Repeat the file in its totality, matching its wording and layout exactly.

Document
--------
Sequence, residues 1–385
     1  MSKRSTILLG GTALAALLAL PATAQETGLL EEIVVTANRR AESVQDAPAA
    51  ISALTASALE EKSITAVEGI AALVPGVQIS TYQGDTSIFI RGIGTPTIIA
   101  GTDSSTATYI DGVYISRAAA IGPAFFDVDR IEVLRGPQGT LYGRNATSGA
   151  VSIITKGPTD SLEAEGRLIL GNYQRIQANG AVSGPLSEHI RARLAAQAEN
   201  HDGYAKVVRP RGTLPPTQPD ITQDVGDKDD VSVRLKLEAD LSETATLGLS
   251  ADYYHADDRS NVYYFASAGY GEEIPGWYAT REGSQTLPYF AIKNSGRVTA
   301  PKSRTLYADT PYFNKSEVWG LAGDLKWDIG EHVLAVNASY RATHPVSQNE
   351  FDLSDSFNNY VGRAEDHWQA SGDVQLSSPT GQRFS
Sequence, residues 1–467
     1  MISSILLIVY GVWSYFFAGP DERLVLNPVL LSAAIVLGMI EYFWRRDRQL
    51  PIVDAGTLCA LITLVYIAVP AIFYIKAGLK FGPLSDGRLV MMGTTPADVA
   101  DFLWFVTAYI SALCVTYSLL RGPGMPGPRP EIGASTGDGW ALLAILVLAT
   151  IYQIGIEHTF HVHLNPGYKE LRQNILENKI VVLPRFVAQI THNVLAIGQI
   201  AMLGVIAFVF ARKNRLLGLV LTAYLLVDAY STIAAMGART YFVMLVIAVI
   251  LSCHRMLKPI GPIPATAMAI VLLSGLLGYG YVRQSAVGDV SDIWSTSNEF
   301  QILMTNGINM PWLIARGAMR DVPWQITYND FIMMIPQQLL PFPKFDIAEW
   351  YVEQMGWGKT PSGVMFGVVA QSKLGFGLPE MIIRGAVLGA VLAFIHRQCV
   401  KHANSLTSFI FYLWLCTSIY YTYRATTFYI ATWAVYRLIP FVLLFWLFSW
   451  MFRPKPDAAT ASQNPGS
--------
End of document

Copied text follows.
Sequence, residues 1–385
     1  MSKRSTILLG GTALAALLAL PATAQETGLL EEIVVTANRR AESVQDAPAA
    51  ISALTASALE EKSITAVEGI AALVPGVQIS TYQGDTSIFI RGIGTPTIIA
   101  GTDSSTATYI DGVYISRAAA IGPAFFDVDR IEVLRGPQGT LYGRNATSGA
   151  VSIITKGPTD SLEAEGRLIL GNYQRIQANG AVSGPLSEHI RARLAAQAEN
   201  HDGYAKVVRP RGTLPPTQPD ITQDVGDKDD VSVRLKLEAD LSETATLGLS
   251  ADYYHADDRS NVYYFASAGY GEEIPGWYAT REGSQTLPYF AIKNSGRVTA
   301  PKSRTLYADT PYFNKSEVWG LAGDLKWDIG EHVLAVNASY RATHPVSQNE
   351  FDLSDSFNNY VGRAEDHWQA SGDVQLSSPT GQRFS
Sequence, residues 1–467
     1  MISSILLIVY GVWSYFFAGP DERLVLNPVL LSAAIVLGMI EYFWRRDRQL
    51  PIVDAGTLCA LITLVYIAVP AIFYIKAGLK FGPLSDGRLV MMGTTPADVA
   101  DFLWFVTAYI SALCVTYSLL RGPGMPGPRP EIGASTGDGW ALLAILVLAT
   151  IYQIGIEHTF HVHLNPGYKE LRQNILENKI VVLPRFVAQI THNVLAIGQI
   201  AMLGVIAFVF ARKNRLLGLV LTAYLLVDAY STIAAMGART YFVMLVIAVI
   251  LSCHRMLKPI GPIPATAMAI VLLSGLLGYG YVRQSAVGDV SDIWSTSNEF
   301  QILMTNGINM PWLIARGAMR DVPWQITYND FIMMIPQQLL PFPKFDIAEW
   351  YVEQMGWGKT PSGVMFGVVA QSKLGFGLPE MIIRGAVLGA VLAFIHRQCV
   401  KHANSLTSFI FYLWLCTSIY YTYRATTFYI ATWAVYRLIP FVLLFWLFSW
   451  MFRPKPDAAT ASQNPGS